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A New Reading

January 17th, 2011 · 3 Comments

I love to read, and I’ve been moving more and more of my reading from paper to mobile devices since my first Palm whatever-it-was. I read a lot on my iPhone these days, and I’ve got my schtick down pat. Basically, in terms of categorizing content, you’ve got: books and articles. The articles are further broken into short form and long form. Short form can be considered blog posts, Twitter, Facebook updates, etc. Long form articles are what you’d be familiar with in a serious magazine or journal.

I’m not going to list out all the different ways you can read stuff on your particular digital setup. I just want to point out some good tools that I’m currently using. For books, I use the Kindle and Nook apps. Both are free, and both allow you to lend/borrow books from other users (someone’s gotta buy the book first, of course).

I acquire my short form articles via RSS, and I use Google Reader as the clearinghouse for storing my subscriptions. I use the native Google Reader web interface on my computer, and I use the Reeder app on my iPhone. Everything is sync’d up nicely. I have a lot of subscriptions, and I’m not particularly fastidious about reading every update that comes through every subscription every day. I’m totally comfortable “marking all as read” and just moving on. I’m confident that if I initially miss something that’s interesting/important, I’ll eventually see it.

Finally, the really great trick is with the longer form articles. I’ll run across stuff that I’m interested in reading, but just don’t have the time to read. I used to mark these with a star in Google Reader and revisit them from time to time. That didn’t work terribly well for me. These days I use an app called Instapaper. The app lives on my iPhone, but I also frequent the web site. Instapaper provides a bookmarklet that I click when I’m on a page with a longer article that I’d like to read later. It simply saves the article, with advertisements stripped out, for later viewing on mobile device or computer. It’s genius, and I use it all the time to read stuff during those previously wasted minutes standing in lines or waiting for others. It’s great. Instapaper is iPhone only, but Android users can achieve the same thing with Read It Later (also available on iPhone and other platforms). Instapaper and Read It Later work so well that there are now aggregators of long form articles that might be of interest. Check out Best of the Moment, The Essayist, Give Me Something To Read, and Longform. There is occasionally overlap with the offerings, but it’s worth the annoyance.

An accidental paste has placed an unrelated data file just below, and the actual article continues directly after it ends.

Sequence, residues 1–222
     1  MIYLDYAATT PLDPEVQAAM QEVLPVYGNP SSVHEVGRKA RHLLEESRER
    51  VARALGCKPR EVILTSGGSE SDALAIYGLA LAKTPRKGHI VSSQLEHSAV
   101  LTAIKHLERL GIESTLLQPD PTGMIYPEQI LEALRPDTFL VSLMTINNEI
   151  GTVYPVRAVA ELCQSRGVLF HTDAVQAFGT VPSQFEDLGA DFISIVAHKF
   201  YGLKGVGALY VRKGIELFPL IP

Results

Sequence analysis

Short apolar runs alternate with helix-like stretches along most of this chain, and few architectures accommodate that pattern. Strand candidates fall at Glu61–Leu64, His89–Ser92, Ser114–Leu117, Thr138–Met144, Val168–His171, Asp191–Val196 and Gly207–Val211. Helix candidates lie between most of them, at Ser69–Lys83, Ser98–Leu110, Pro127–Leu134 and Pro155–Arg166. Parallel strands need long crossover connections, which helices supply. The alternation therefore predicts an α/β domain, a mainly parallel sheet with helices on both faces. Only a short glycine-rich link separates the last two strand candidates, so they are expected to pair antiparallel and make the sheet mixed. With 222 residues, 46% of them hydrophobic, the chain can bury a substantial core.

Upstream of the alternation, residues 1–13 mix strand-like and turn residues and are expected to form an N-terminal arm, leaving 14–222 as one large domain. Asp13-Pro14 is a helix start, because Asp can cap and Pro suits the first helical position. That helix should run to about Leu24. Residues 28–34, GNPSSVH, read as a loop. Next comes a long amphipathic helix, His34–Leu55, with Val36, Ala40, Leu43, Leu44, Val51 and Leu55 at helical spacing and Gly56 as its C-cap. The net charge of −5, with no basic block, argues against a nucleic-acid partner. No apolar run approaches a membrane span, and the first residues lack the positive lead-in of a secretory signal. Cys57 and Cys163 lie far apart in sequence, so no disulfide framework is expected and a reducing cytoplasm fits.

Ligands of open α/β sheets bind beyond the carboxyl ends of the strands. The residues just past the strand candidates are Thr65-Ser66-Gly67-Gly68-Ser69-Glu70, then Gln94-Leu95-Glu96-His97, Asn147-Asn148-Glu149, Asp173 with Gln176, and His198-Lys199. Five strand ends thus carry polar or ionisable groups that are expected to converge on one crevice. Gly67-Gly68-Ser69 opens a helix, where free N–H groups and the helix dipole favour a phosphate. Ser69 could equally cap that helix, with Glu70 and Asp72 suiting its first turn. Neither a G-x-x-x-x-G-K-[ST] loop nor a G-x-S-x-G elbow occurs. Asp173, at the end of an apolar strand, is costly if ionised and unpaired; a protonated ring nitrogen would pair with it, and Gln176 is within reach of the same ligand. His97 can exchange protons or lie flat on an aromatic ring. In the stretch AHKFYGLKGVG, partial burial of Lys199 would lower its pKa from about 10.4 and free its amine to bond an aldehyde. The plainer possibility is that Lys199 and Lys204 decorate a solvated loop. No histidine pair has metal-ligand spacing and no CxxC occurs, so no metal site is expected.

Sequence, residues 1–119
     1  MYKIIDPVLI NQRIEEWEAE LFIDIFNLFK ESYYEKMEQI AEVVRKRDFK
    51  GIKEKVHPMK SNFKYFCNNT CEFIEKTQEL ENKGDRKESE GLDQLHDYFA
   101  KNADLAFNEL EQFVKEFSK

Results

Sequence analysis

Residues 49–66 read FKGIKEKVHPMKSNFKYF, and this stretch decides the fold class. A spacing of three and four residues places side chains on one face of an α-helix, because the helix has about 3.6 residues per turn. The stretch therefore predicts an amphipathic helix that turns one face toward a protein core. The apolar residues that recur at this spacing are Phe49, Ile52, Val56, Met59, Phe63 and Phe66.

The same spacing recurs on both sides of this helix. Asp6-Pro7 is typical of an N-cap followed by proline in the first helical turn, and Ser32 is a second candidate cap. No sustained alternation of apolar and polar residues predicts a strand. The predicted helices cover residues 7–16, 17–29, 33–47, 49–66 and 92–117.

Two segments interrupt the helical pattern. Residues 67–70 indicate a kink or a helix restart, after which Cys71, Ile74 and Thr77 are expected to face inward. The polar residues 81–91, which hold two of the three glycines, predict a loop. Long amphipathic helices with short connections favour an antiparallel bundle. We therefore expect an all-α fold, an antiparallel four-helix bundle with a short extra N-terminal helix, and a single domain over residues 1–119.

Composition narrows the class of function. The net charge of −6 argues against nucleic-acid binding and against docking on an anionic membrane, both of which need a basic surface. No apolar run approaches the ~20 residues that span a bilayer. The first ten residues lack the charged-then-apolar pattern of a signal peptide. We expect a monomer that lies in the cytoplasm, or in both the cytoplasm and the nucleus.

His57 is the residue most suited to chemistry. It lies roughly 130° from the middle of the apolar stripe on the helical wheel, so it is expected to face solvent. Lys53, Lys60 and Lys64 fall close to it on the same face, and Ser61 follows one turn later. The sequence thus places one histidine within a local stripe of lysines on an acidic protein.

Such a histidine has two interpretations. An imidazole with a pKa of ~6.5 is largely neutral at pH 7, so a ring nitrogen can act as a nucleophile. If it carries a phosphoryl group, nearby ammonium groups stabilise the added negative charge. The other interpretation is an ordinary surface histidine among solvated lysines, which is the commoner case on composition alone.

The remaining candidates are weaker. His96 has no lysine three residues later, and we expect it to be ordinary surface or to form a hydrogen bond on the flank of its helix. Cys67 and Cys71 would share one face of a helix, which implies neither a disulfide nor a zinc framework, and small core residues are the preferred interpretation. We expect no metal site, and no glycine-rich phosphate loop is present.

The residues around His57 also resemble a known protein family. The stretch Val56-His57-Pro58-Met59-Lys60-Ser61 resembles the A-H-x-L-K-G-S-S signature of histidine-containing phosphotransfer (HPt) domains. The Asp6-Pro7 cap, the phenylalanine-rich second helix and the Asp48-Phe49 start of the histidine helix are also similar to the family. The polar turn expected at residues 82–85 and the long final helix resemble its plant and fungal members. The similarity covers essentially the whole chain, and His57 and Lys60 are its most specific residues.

On top of all this, there are apps like Evernote which allow you to store your digital detrius, some of which might be important documents to which you may need quick access. I view these kinds of apps as more of a backup/storage solution for certain types of information, and not a primary location for general reading. Still, it has it’s place.

What’s your reading workflow?

Tags: reading

3 responses so far ↓

  • 1 Jason // Jan 17, 2011 at 10:58 pm

    Generally top-to-bottom, left-to-right.

    That out of the way, books either on the Kindle or from the library. Google Reader is my RSS syndicator of choice, followed up by the great syndication utility known as Twitter. I’ll also bookmark things in Delicious for long-term storage.

    I’m less tool-tastic when it comes to long articles. I most often will leave that tab open in my web browser until I have time to go back to it. That generally falls apart when it’s a link on Twitter on my phone, and I want to view it on my computer. If I can’t view it immediately it falls apart even more because I have to remember to go back to it later.

  • 2 Brandon // Jan 18, 2011 at 4:32 pm

    Google Reader to read blogs and news, etc. Then open up tabs I want to read more. Usually don’t get to half of them.

    No Kindle. No iPhone. Paper books for the few I DO read.

    Still dumbfounded on where you find all your time. You must only sleep three hours a night.

  • 3 Paul Breslin // May 5, 2012 at 7:52 am

    I greatly enjoyed your Korean photographs especially the ones that contained photo’s of houses, implements, etc.
    I do wish you had annotated more of them.
    Paul

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